Many of the problems facing contemporary families, especially in economically developed societies, result from their increasing difficulty in communicating. Families seldom manage to come together, and the rare occasions when they do are often taken up with watching television. To return to the recitation of the family Rosary means filling daily life with very different images, images of the mystery of salvation: the image of the Redeemer, the image of his most Blessed Mother. The family that recites the Rosary together reproduces something of the atmosphere of the household of Nazareth: its members place Jesus at the centre, they share his joys and sorrows, they place their needs and their plans in his hands, they draw from the hope and the strength to go on.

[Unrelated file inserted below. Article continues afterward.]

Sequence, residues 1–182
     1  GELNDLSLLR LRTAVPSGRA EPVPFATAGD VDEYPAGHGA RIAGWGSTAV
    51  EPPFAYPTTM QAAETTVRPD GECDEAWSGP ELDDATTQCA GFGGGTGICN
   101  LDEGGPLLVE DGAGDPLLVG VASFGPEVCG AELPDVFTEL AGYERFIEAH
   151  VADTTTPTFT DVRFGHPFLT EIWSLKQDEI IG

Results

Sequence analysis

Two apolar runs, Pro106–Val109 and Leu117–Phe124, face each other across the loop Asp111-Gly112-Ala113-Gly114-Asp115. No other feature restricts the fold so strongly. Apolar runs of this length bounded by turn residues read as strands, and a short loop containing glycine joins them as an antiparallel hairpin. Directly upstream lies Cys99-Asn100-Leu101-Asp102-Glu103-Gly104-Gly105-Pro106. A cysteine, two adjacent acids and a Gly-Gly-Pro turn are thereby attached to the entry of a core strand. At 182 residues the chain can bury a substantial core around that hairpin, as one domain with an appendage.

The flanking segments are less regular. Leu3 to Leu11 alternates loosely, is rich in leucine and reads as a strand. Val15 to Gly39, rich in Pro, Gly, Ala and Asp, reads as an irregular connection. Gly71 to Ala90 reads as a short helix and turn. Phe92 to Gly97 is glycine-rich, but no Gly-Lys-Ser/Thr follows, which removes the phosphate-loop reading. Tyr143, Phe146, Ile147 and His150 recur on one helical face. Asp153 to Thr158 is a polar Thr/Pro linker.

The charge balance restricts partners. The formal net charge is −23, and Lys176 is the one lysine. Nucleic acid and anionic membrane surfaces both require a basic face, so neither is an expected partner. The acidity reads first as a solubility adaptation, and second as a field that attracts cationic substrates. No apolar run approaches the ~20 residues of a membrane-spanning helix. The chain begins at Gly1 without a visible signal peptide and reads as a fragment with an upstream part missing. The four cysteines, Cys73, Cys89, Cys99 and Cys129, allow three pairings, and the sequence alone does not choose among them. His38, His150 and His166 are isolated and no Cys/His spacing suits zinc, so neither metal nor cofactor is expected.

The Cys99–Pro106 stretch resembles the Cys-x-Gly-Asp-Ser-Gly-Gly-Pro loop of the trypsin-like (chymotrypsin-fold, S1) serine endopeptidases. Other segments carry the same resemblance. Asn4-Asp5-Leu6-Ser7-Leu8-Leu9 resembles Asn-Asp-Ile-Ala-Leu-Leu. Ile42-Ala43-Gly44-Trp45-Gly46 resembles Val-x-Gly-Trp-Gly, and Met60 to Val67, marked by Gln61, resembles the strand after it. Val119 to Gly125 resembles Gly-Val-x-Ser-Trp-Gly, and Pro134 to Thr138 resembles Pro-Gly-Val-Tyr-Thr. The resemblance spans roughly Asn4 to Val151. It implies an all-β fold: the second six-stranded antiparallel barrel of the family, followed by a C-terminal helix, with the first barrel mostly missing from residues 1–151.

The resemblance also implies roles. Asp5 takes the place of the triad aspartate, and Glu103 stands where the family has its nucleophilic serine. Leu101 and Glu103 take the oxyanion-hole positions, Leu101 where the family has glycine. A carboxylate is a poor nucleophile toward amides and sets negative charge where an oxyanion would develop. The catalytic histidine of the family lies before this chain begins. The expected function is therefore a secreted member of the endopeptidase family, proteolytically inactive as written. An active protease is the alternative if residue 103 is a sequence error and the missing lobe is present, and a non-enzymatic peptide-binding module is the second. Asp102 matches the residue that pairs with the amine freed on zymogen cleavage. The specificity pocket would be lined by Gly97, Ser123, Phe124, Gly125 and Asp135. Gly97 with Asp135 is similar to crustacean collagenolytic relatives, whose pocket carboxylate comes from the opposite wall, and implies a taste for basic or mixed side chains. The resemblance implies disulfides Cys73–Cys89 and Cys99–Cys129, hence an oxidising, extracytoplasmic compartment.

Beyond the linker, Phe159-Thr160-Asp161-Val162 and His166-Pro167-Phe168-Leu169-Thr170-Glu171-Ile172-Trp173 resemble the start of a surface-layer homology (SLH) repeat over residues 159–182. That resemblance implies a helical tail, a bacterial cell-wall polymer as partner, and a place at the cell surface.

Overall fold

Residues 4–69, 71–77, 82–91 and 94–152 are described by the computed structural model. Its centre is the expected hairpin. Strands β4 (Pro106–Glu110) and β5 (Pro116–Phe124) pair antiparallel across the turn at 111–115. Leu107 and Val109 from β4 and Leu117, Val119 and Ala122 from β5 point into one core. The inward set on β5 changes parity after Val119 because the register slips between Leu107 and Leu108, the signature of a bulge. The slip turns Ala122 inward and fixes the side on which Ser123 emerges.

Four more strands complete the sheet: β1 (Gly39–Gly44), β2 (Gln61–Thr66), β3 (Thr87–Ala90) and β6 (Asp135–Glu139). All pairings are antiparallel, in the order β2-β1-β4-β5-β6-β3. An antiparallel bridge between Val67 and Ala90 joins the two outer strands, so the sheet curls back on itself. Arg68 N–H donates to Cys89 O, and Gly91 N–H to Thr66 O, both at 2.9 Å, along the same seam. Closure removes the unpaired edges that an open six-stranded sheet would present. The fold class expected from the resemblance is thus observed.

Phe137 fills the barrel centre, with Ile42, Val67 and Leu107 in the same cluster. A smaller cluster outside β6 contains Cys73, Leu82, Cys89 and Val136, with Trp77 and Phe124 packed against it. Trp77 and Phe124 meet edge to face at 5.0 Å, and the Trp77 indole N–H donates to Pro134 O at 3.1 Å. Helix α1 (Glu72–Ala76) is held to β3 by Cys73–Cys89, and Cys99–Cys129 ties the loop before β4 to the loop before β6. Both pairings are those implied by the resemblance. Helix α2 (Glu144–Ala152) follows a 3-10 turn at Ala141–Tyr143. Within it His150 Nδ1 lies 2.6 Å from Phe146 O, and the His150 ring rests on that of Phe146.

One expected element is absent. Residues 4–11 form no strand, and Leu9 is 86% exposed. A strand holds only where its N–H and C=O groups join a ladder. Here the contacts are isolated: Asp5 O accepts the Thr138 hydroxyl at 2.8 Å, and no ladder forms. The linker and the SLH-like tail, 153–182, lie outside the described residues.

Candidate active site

It is also beautiful and fruitful to entrust to this prayer the growth and development of children. Does the Rosary not follow the life of Christ, from his conception to his death, and then to his Resurrection and his glory? Parents are finding it ever more difficult to follow the lives of their children as they grow to maturity. In a society of advanced technology, of mass communications and globalization, everything has become hurried, and the cultural distance between generations is growing ever greater. The most diverse messages and the most unpredictable experiences rapidly make their way into the lives of children and adolescents, and parents can become quite anxious about the dangers their children face. At times parents suffer acute disappointment at the failure of their children to resist the seductions of the drug culture, the lure of an unbridled hedonism, the temptation to violence, and the manifold expressions of meaninglessness and despair.”To pray the Rosary for children, and even more, with children, training them from their earliest years to experience this daily “pause for prayer” with the family, is admittedly not the solution to every problem, but it is a spiritual aid which should not be underestimated. It could be objected that the Rosary seems hardly suited to the taste of children and young people of today. But perhaps the objection is directed to an impoverished method of praying it. Furthermore, without prejudice to the Rosary’s basic structure, there is nothing to stop children and young people from praying it – either within the family or in groups – with appropriate symbolic and practical aids to understanding and appreciation. Why not try it? With God”s help, a pastoral approach to youth which is positive, impassioned and creative – as shown by the World Youth Days! – is capable of achieving quite remarkable results. If the Rosary is well presented, I am sure that young people will once more surprise adults by the way they make this prayer their own and recite it with the enthusiasm typical of their age group.”